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A Better Health Care System?
Where Will I Get Health Insurance?
You may get it in the same place you get it today -- through an employer,
or through Medicare or Medicaid. However, your coverage and benefits probably won't be the same.
If you must buy your own insurance, you will have to obtain it through a government-regulated exchange, where competing insurers will offer the required insurance benefits.
Will I Be Able to Keep the Insurance I Now Have?
Probably not. Employers can drop your coverage altogether and pay a fine that costs as little as one-seventh the cost of insuring you and your family.
How Much Will My Health Insurance Cost?
The minimum coverage in 2016 will average about $4,750 for an individual ($12,250 for a family of four), according to the Congressional Budget Office.
In the government-regulated exchange, the out-of-pocket premium will be limited to a percent of your income up to about $44,680 ($92,200 for a family of four). If you earn more, you will have to pay the full premium yourself.
There will be no new subsidies if you get insurance at work, but your premium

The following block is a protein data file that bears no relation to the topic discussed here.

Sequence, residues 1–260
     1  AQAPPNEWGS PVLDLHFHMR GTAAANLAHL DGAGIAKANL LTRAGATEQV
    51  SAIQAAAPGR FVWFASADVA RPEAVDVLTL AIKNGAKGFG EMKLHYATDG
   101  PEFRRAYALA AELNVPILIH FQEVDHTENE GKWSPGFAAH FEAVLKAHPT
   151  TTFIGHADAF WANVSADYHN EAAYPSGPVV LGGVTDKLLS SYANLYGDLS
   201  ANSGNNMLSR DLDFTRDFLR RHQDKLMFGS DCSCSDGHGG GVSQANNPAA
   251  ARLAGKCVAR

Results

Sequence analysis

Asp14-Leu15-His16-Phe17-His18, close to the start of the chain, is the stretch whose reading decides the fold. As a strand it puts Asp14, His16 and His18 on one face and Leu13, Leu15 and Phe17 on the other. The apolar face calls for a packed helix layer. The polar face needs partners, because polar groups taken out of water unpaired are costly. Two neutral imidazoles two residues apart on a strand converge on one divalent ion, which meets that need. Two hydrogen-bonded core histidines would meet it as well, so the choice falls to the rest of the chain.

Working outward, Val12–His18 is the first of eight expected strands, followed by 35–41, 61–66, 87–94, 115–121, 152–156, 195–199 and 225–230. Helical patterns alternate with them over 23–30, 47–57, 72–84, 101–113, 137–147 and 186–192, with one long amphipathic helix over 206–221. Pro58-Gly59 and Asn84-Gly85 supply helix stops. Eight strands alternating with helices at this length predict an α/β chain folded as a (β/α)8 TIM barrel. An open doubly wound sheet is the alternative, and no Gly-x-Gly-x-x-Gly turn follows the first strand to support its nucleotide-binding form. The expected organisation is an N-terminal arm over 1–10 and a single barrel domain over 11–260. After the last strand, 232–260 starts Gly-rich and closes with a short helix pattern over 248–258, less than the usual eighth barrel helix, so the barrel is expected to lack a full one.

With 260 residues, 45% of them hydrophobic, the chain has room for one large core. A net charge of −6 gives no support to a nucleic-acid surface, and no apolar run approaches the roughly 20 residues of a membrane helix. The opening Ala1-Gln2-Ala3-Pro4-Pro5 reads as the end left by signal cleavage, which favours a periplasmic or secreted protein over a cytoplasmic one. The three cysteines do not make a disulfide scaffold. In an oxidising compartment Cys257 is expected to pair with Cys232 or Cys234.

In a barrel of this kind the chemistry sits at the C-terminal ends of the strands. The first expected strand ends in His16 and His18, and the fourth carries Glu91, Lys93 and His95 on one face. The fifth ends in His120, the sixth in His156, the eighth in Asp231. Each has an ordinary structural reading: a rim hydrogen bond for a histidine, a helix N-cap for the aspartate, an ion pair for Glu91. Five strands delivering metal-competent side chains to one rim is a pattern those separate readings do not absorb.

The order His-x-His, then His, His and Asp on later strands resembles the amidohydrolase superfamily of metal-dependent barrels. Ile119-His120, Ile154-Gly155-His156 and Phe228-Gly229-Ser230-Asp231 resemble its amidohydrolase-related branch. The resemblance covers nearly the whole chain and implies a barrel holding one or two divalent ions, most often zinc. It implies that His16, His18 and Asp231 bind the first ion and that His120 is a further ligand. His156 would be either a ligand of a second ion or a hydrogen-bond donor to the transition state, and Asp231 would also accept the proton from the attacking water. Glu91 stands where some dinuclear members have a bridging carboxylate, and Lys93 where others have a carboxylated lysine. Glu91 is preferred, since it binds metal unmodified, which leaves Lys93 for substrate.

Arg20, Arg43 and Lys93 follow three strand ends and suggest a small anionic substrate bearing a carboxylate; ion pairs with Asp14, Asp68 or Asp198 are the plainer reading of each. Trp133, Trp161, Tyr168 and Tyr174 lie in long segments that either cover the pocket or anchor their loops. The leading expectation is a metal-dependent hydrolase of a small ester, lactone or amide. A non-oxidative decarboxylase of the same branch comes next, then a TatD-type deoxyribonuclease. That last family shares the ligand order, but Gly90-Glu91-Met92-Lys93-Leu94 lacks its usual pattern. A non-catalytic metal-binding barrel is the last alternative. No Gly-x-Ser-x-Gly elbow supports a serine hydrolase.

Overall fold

may be limited to a percent of your income.
What Benefits Can I Expect?
What Other Costs Can I Expect?
There are also hidden costs:
How Will Government Enforce the Requirement to Buy Insurance?
The enforcer of health reform is the Internal Revenue Service.
Will I Be Able to See a Doctor?
With millions of newly insured people trying to obtain more care, Medicare actuaries predict that you may
not be able to see a doctor when you need help.
In Massachusetts, with a similar health reform:
Another problem: Giving everyone all of the newly promised free preventive services would leave every family doctor in America with no time to do anything else that doctors do!
What If I Am on Medicare?
According to Medicare's chief actuary:
There are a number of new promised benefits, including:
However, for each $1 in new benefits, there will be $10 in reduced Medicare spending. Also, there is no funding to make sure all the promised services will be available. If everyone on Medicare took advantage
of a free annual checkup, for example, we would need 23,000 extra doctors just to meet the demand.
What Do Medicare Cuts Mean for Individual Retirees?
Under the Affordable Care Act, the average amount spent on Medicare enrollees over the remainder of their lives will decrease by:
How Will Medical Care Change?
Some insurers are already offering plans that keep premiums down by restricting which doctors you
Also, the new law encourages doctors to form Accountable Care Organizations (ACOs) -- a new type of
HMO that rewards doctors for meeting government guidelines. In an ACO: